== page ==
Rep. Ron Paul To Test Waters For Presidential Run
MICHELE NORRIS, Host:
From NPR News, this is ALL THINGS CONSIDERED. I'm Michele Norris.
MELISSA BLOCK, Host:
The presidential campaign of 2012 is slowly taking shape. President Obama officially announced his candidacy earlier this month, and a large, if shapeless, Republican field is bidding for attention.
T: Hi, Mara.
MARA LIASSON: Hi, Melissa.
BLOCK: And Ron Paul appears to be running. Again, he got a lot of devoted followers on the Internet last time during the 2008 bid, not so many votes in the primary. So this time around, is he a significant addition to the Republican field or more of an asterisk?
LIASSON: The GOP is in a real libertarian moment right now, and Paul has always been all about the debt and the deficit and taxes and spending. You could call him the godfather of the Tea Party.
BLOCK: What about Haley Barbour? Let's talk about him for a bit. Big fundraiser, a political insider, and he was traveling the early primary states, seeming to do everything that a serious candidate needed to do. Why did he drop out?
LIASSON: He had been a lobbyist for tobacco and drug companies and foreign governments, and perhaps more damaging, he had made a series of racially insensitive comments. And it's possible he felt that the issue of race, particularly auditioning for a run against the country's first African-American president, would have been a distraction.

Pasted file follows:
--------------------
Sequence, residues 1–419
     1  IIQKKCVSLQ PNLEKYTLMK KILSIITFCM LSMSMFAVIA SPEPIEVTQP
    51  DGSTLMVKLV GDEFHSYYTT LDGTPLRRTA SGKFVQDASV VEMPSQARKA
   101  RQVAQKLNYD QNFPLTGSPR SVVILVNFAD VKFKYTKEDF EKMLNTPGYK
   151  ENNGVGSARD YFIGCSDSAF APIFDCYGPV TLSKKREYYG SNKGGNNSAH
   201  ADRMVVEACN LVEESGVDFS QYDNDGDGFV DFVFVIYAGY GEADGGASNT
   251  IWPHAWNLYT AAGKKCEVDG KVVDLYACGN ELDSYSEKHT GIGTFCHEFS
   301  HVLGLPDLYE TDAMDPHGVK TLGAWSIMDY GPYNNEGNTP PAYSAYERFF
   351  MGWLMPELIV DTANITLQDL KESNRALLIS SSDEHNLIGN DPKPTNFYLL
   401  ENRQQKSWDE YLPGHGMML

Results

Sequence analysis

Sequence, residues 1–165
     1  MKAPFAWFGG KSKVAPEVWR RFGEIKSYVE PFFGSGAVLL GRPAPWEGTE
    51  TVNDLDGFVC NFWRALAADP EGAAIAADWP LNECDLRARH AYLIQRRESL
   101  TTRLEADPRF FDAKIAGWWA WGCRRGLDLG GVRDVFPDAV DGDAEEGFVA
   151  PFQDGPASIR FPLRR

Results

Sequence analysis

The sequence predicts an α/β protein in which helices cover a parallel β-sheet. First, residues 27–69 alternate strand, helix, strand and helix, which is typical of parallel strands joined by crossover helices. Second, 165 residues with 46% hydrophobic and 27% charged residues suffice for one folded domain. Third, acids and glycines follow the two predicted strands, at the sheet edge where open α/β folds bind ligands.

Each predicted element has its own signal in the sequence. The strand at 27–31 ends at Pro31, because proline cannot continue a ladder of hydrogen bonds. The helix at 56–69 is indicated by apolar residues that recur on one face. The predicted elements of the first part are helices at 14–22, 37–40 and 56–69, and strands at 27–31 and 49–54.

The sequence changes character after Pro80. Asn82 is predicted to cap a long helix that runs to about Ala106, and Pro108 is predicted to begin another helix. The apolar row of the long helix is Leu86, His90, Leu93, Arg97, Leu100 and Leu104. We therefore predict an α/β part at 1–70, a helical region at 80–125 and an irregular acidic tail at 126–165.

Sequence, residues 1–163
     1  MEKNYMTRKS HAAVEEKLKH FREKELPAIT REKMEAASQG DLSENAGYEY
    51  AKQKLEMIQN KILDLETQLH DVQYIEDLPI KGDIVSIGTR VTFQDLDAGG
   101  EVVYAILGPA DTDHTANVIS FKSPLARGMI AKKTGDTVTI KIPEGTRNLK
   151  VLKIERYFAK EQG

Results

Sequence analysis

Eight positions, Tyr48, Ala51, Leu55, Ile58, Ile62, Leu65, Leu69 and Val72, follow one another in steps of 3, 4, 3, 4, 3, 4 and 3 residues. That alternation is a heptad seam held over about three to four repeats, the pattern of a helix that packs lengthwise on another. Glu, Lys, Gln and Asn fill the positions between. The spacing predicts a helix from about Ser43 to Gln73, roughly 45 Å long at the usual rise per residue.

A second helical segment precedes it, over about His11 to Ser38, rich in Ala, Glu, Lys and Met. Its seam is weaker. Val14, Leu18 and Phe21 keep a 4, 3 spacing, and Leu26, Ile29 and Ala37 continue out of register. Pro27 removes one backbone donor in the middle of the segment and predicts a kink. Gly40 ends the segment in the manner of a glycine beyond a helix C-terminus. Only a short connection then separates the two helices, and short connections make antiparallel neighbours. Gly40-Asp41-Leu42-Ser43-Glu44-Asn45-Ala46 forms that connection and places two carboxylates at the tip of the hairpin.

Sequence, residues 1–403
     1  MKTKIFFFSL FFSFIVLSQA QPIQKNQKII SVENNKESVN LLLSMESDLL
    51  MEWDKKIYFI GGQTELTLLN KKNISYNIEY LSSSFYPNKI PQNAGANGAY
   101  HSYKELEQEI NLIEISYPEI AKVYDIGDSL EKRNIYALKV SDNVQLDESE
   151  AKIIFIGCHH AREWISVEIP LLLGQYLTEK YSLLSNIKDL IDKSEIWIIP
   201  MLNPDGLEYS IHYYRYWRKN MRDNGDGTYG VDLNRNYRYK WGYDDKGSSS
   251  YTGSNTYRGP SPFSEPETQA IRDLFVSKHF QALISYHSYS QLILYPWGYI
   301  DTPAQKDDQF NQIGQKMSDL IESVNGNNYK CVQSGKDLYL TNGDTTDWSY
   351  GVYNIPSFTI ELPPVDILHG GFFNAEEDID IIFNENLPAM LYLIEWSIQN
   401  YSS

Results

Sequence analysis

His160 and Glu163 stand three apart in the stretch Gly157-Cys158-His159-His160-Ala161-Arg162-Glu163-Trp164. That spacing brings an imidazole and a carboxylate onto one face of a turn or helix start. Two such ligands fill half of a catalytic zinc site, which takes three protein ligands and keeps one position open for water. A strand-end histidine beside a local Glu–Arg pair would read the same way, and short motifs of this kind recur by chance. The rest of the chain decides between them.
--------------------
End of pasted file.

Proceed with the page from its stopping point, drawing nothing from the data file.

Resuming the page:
BLOCK: What do you think Haley Barbour's exit does to the rest of the field? Whom does it hurt? Whom does it help?
LIASSON: Well, Barbour was only registering in single digits in the polls, so it's not as if he had a lot of voter support that's now up for grabs, but he is an extremely important figure in the Republican establishment. He has a huge Rolodex of funders formed during his years as RNC chair and as a top lobbyist. Everyone will want Barbour's endorsement and access to his network, and help from him as a strategist.
NORRIS: So Barbour's absence also gives Mitt Romney, who is the putative frontrunner, if there is such a thing at this point, a clearer path to tying up Republican establishment support if Daniels doesn't get in.
BLOCK: He has yet to lift a finger at all to lay any groundwork, which has mystified Republicans who point to the fact that he consistently runs at the top of the polls in key states, and nationally, Huckabee is the only candidate with a defined base of support, a real constituency among evangelicals, particularly in Iowa, which he won in 2008, and in South Carolina.
BLOCK: Yeah. Mara, let's talk about the controversial budget proposal that was put out by Republican Congressman Paul Ryan. It's been dominating the political debate for a while now. What effect is that having on the GOP and the potential 2012 candidates?
LIASSON: He isn't running. He's turned down several invitations to speak at these big Republican dinners in South Carolina and Iowa, where just showing up would create buzz about his future. But Ryan seems happy to lead the Republicans' fiscal fight from right here in Washington.
BLOCK: OK, Mara, thanks.
LIASSON: Thank you, Melissa.
BLOCK: That's NPR national political correspondent Mara Liasson.
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